This same outlook can be applied to your investment process – a willingness to adapt to changes in the market, while possessing an open mind with respect to how you make your investment decisions. A willingness to adapt to changes in the market is another way of saying “tactical allocation”. Many investors, and possibly you too, take a long range, “strategic” approach to investment decisions, not realizing the importance of being tactical with respect to asset allocation. Over time, with DIF Woman, we will provide you with insight and education on how best to accomplish this all-important task of being tactical. For example, there are methods and tools that will allow you to determine whether you should be emphasizing Bonds or Fixed Income more than Equities, or whether Emerging Markets are still in favor compared to U.S. stocks. Things change in the market, and you must adapt and be dynamic, rather than merely making portfolio changes once a year, or on specific anniversary dates. Just as styles of hairdos, or pants, or lengths of skirts change, so do aspects of the financial markets. Energy-related stocks may be “in favor” now, but one day another sector will present itself as a clear leader. Pleated skirts, leggings and ankle boots may be fashionable now, but who knows what 2008 or 2009 will bring? When a certain fashion goes out of style, you are willing to “tactically” change your wardrobe to reflect the current trends. Why not do that with your portfolio?

Now let’s look at the second part of our statement or recommendation -- possessing an open mind with respect to how you make your investment decisions. It is a long-accepted belief on Wall Street that the only form of analysis that really matters is Fundamental Analysis. For many years, business students have only learned how to evaluate a security, or really the company, based on its fundamental merits such as: earnings per share, cash flow, return on equity, revenue, management, products, etc. Our contention at Dorsey, Wright is that the fundamentals are only part of the answer, and that Technical Analysis should be an integral part of your evaluation process. So I am asking you to have an “open mind” to something new.

You, too, may be an investor that has only looked at one side of the equation – at the fundamentals, being unaware of what the technical picture has to offer. Today I ask you to consider incorporating technical analysis, and specifically the Point & Figure methodology, into your investment strategy. Instead of being concerned with earnings, or who the CEO of a given company is, we instead focus on something much simpler – the price action of the stock of a given company. Because ultimately, isn’t a stock’s price the true measurement as to whether you made money on your investment? Earnings can be steadily rising for a company, such as General Electric (GE), but that doesn’t necessarily mean the price of the stock is moving higher. (See Figure 1 below). Instead, in the case of GE, its earnings per share continued to rise, while the price of the stock fell 66%!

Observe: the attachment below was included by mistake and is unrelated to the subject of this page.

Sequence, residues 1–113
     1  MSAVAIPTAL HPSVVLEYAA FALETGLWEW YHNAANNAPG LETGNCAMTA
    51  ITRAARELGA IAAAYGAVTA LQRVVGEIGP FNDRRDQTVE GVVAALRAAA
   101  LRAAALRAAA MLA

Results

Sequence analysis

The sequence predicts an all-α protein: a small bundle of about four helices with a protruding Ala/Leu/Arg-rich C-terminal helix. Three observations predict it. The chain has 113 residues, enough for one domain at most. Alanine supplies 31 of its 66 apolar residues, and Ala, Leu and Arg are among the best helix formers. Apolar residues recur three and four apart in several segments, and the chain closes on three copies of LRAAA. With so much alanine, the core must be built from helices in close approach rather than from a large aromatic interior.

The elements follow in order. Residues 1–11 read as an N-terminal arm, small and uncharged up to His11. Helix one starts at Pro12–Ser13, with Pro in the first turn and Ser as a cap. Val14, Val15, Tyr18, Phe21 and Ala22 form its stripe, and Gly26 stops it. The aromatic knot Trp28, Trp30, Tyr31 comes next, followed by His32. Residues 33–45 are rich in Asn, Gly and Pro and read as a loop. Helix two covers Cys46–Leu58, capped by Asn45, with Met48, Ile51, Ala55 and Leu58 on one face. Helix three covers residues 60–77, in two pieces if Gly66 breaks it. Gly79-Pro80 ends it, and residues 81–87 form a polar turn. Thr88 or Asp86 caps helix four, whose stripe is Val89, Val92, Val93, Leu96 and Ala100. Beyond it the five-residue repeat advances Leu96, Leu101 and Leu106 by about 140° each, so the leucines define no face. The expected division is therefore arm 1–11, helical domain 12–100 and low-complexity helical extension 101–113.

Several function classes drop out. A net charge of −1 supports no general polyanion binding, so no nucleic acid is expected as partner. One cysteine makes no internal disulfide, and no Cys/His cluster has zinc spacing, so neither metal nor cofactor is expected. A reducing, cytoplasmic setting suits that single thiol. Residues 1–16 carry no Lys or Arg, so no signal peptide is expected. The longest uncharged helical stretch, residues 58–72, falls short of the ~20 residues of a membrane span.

Clearly, as the GE example suggests, there are limitations to fundamental analysis. But in focusing on price, it is paramount to understand what makes stock prices move. A study done by the University of Chicago succinctly answers this question for us. As the graphic below displays, 80% of the risk in any given stock’s price movement is attributable to the overall market and to the industry group or sector the stock is a member. Only 20% of the price action is due to the stock, or company, itself. Yet ironically enough, the typical allocation of resources (money spent) on Wall Street is just the opposite. Roughly 80% of the money spent on research is dedicated to fundamental analysis on the companies themselves, with only 20% allocated to analyzing the market and sector risk. (See Figure 2)

Armed with the above information, doesn’t it make logical sense to bring technical analysis into your method of investment evaluation? In particular, you must not only appraise the stock itself, but more importantly must have tools that help to ascertain the risk in the market and sector. At Dorsey, Wright we have the tools to accomplish this all-important task. Specifically, we have created a “Four Step Game Plan” for investing, one that takes a top-down approach. Today I offer this Game Plan to you:

As we finish our discussion today, I hope that you have learned the importance of being open-minded and tactical with respect to your asset allocation and investment strategy. As Tammy and I spend time with you, it will be our goal to educate you in more detail on how to implement this Four Step Game Plan. In particular, you will learn about the different market and sector indicators that are cornerstones to our research at Dorsey, Wright. Come along on the DIF Woman journey with us. It may change your life!